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Chart: Which Countries Are Damaged Most by Low Oil Prices?

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Chart: Which Countries Are Damaged Most by Low Oil Prices?

Which Countries Are Damaged Most by Low Oil Prices?

This week’s chart looks at costs per barrel, exports, and total oil production.

The Chart of the Week is a weekly Visual Capitalist feature on Fridays.

Oil is by far the world’s most-traded commodity, with $786.3 billion of crude changing hands in international trade in 2015.

While low commodity prices can hurt any major producer, oil prices can have a particularly detrimental effect on oil-rich economies. This is because, for better or worse, many of these economies hold onto oil as an anchor for achieving growth, filling government coffers, and even fueling social programs.

If those revenues don’t materialize as planned, these countries turn increasingly fragile. In the worst case scenario, an extended period of low oil prices can cause the fate of an entire regime to hang by a thread.

Which Countries are Damaged Most by Low Oil Prices?

This week’s chart explores three key pieces of high-level data on the oil sector from 2015: the cost of production ($/bbl), total oil production (MMbbl/day), and the world’s top exporters of oil ($).

The general effects of these factors are pretty straightforward:

  • Countries that have a high cost of production per barrel are going to find it tough to make money in a low oil price environment
  • Countries that are major producers or exporters tend to rely on oil revenues as a major economic driver
  • Oil producers that are major exporters also have to deal with another factor: the effect that low oil prices may have on their currencies

Here are some particular countries that are under duress from current energy prices:

Venezuela
Back in the Hugo Chávez era, things were better in Venezuela than they are today. Oil prices were mostly sky-high, and this enabled the socialist country to bring down inequality as well as put food on the table for its citizens. However, as the World Bank described in 2012, since oil accounted for “96% of the country’s exports and nearly half of its fiscal revenue”, Venezuela was left “extremely vulnerable” to changes in oil prices.

And change they did. Oil prices are now less than 50% of what they were when the World Bank wrote the above commentary. Partially as a result, Venezuela is having all sorts of problems, ranging from runaway hyperinflation to shortages in almost everything.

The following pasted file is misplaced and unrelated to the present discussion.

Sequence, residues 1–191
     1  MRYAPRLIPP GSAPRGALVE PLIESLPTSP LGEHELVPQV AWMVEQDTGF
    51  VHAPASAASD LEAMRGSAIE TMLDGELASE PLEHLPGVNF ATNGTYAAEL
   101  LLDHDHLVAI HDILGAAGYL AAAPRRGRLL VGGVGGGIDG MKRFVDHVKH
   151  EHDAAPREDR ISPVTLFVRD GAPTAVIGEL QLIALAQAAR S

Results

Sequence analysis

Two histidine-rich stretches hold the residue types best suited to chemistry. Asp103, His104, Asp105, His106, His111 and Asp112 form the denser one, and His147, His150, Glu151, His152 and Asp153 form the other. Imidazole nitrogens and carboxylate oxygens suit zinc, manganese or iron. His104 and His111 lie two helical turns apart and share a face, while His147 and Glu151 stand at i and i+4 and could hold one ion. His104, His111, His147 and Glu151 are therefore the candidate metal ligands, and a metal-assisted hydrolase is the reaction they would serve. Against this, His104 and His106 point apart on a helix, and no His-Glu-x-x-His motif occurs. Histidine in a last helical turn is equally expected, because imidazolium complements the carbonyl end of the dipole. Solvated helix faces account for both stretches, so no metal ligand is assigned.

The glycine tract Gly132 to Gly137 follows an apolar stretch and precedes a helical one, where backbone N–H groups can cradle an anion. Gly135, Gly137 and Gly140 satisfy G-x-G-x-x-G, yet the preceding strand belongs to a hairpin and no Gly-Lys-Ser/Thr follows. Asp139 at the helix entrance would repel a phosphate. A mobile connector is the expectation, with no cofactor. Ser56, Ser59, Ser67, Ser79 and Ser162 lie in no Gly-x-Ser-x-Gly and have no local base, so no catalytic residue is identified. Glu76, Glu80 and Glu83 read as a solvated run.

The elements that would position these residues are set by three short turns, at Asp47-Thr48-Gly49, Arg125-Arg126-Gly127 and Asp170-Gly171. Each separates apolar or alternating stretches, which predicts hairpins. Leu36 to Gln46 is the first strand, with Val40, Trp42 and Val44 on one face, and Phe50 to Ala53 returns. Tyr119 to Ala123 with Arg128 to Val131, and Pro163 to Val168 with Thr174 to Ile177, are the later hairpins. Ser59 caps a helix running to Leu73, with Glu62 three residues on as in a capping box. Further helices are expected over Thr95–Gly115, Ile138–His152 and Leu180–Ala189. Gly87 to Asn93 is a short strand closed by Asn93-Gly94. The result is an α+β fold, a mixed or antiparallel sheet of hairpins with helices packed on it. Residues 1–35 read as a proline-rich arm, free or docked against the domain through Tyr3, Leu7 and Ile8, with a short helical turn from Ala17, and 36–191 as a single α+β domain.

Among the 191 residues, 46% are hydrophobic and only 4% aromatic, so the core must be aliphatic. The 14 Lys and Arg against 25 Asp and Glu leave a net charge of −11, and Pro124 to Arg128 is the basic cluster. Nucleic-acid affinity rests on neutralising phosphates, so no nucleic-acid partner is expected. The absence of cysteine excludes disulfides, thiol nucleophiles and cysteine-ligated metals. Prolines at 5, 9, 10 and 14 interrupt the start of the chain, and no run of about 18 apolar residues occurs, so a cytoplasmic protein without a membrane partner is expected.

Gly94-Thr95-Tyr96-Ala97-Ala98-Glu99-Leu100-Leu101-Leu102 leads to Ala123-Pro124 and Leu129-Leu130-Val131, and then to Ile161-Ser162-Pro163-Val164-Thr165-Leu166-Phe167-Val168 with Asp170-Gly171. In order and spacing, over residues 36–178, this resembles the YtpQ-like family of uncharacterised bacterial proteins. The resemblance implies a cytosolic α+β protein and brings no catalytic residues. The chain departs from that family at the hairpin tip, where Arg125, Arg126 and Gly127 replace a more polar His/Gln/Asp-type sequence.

Venezuela’s cost per barrel isn’t bad at $23.50, but the country is the world’s ninth-largest oil exporter with $27.8 billion of exports in 2015. If oil prices were north of $100/bbl, Venezuela’s situation would be a lot less dire.

Russia
Russia is the world’s second-largest crude oil exporter, shipping $86.2 billion to countries outside of its borders in 2015. That’s good for 11.0% of all oil exports globally. Russia’s cost of production in 2015 was relatively low, at $17.30 per barrel.

But is declining oil revenue influencing foreign policy? It’s hard to say – but we do know that, historically, leaders have turned to nationalist projects during tougher economic times. In this case, Putin may have focused Russia’s national attention on Ukraine as a way to deflect from a less-than-rosy economic outlook.

Brazil
All is not well in Brazil, where President Dilma Rousseff could be impeached by as early as next week.

Brazil is the ninth-largest producer of oil globally, pumping out about 3.2 million barrels per day. However, a bigger concern may be the cost of producing oil in the country. The production cost in 2015 was a hefty $48.80/bbl, among the most expensive of major oil producers.

The post-Olympics hangover will be a challenging one in Brazil, as it faces its worst economic crisis in 30 years. The largest country in Latin America had its economy shrink 5.4% in the first quarter of this year.

Nigeria

Nigeria, which will soon be one of the three most populous countries in the world, is also very reliant on oil revenues to prop up its economy.